Amenity considerations also played into the Court’s consideration of whether the condition was “reasonably required” (section 65(1)(b) of the Planning Act). Council’s position was that the condition was required to address potential impacts on existing sensitive land uses. The Court accepted the evidence of Ashanti’s experts that the development (with 24-hour operations) would comply with assessment benchmarks for noise impacts, lighting and glare – and the amenity of the surrounding areas (zoned low-density residential) would be protected.

The Court concluded that Condition 5 was not required to achieve compliance with relevant assessment benchmarks, and in addition, found that the imposition of the condition would be an unreasonable imposition.

The Court concluded that the condition could not be lawfully imposed under section 65(1) of the Planning Act, and should not otherwise be imposed in the exercise of the Court’s residual discretion.

The Court allowed the appeal, approving the use for a 24-hour operation.

Ginardi & Anor v Brisbane City Council [2022] QPEC 24

This case involved an application for “start work” orders.

The applicants had applied for approval to construct a new house at Bulimba, on land adjoining the Brisbane River. Council imposed conditions which required a trunk infrastructure contribution, comprising the dedication of a 10-metre-wide strip of land fronting the Brisbane River to facilitate the future construction by Council of its planned Riverwalk. The conditions also required the demolition of existing structures (including a jetty) within that strip of land before it was transferred to Council, and the completion of a revetment/riverwall along the length of the tidal boundary of the dedication area.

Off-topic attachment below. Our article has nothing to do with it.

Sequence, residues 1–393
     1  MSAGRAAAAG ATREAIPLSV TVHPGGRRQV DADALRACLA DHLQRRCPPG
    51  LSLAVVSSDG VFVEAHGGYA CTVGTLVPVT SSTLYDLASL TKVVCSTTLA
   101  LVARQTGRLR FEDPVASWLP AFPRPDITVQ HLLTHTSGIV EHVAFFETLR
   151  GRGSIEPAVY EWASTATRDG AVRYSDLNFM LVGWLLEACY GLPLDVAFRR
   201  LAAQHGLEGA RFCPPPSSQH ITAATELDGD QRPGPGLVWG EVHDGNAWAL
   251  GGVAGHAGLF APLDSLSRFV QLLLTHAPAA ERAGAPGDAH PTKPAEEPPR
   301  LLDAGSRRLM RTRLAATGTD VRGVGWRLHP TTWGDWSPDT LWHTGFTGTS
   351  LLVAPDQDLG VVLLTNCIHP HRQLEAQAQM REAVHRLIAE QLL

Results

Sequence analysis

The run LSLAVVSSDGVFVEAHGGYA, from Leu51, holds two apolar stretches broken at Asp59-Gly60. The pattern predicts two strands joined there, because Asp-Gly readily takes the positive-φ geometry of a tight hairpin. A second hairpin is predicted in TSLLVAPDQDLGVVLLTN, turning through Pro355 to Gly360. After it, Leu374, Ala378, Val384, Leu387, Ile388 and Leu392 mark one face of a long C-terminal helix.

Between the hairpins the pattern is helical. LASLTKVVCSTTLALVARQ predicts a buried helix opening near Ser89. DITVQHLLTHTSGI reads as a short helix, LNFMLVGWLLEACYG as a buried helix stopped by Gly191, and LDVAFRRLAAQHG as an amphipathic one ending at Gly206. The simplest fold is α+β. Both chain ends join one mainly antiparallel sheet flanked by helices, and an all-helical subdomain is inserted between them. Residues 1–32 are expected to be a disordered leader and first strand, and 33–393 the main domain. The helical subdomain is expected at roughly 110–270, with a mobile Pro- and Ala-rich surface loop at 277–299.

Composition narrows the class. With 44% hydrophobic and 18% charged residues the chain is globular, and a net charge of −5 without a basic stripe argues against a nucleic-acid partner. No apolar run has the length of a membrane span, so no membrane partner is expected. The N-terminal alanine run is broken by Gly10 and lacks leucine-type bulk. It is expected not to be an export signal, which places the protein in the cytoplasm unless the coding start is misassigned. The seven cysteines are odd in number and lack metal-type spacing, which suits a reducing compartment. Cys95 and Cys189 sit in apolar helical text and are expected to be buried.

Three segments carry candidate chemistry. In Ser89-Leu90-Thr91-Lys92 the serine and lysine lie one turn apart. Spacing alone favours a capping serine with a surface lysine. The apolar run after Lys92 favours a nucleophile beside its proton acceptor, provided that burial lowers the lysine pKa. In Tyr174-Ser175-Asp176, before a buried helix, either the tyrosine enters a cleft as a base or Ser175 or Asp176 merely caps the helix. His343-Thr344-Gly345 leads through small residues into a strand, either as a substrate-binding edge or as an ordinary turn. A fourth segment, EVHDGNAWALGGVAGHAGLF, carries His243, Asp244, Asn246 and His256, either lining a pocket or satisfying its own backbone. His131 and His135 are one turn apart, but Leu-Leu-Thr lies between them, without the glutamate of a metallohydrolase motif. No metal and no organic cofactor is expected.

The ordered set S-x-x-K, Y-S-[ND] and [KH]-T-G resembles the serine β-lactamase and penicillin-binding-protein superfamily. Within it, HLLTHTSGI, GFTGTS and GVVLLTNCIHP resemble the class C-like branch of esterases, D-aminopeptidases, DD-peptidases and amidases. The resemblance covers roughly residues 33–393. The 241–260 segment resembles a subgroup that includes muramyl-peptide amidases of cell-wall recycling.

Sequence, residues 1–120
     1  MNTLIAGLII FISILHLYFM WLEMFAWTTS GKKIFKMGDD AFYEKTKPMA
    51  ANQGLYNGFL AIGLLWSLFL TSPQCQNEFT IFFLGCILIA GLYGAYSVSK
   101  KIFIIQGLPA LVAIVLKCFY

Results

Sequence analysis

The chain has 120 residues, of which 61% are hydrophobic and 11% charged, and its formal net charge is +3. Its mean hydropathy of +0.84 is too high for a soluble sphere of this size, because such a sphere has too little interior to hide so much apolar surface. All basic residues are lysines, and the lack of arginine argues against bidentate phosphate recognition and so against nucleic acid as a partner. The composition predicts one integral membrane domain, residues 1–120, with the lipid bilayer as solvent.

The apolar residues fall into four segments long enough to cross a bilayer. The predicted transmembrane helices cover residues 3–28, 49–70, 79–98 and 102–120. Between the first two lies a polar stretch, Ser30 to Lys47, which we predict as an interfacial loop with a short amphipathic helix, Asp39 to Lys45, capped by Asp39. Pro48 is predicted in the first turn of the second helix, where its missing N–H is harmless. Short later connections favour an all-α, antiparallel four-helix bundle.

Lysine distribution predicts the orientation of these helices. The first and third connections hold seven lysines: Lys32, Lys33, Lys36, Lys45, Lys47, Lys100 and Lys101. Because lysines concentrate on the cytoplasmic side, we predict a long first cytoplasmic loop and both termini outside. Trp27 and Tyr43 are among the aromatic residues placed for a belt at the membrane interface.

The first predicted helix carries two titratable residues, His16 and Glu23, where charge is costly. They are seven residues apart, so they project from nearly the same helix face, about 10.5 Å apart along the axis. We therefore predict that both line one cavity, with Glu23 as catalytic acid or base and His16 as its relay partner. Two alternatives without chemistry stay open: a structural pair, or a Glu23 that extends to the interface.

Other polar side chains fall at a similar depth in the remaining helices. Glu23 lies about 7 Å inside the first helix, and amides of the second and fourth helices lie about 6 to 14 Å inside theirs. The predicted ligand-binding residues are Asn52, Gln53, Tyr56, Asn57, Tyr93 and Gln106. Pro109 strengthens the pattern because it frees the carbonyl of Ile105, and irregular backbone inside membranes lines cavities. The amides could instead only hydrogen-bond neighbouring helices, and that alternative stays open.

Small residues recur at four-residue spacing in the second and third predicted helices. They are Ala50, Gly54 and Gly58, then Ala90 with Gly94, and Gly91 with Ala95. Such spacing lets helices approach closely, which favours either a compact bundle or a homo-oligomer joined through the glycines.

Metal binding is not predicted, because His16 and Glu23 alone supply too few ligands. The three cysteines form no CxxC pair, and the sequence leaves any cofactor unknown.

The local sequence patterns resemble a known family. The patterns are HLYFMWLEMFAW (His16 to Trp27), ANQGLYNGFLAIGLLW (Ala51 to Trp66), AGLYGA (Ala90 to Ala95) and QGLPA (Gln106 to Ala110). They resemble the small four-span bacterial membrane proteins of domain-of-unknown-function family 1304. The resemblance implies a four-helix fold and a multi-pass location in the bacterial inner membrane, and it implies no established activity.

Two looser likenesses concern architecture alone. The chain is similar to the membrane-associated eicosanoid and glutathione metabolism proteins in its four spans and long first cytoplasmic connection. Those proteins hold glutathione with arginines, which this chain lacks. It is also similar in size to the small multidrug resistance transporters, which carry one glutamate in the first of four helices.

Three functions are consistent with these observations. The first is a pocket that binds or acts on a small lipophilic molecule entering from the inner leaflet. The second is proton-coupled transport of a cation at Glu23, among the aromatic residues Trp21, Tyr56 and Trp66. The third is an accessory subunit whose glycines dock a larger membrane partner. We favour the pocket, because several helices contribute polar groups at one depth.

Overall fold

The Applicants did not dispute the requirement to dedicate the land, but did dispute the timing for the dedication and the extent of works they were required to complete. The Applicants argued that the outcome of the appeal would not be affected by allowing work to commence on the house. The development itself (the house) was not controversial and the area of land would be dedicated regardless. The dispute was about whether the works should be completed (as required by the Council’s conditions) or whether the Appellants could instead pay a contribution towards the Council’s costs of constructing the Riverwalk (and for the jetty to remain).

In the application for “start work” orders, the Applicant’s position was that construction of the house would be more efficient and cost-effective if it was coordinated with development of land to the east – where construction for multiple dwellings was underway. The applicant’s site was long and narrow, and would no longer be able to gain access over the adjoining land once the unit development was completed. There would also be simplified construction processes (underground basements, walls, roofs) if the sites were developed contemporaneously, and a reduction in amenity impacts if all the construction occurred at once.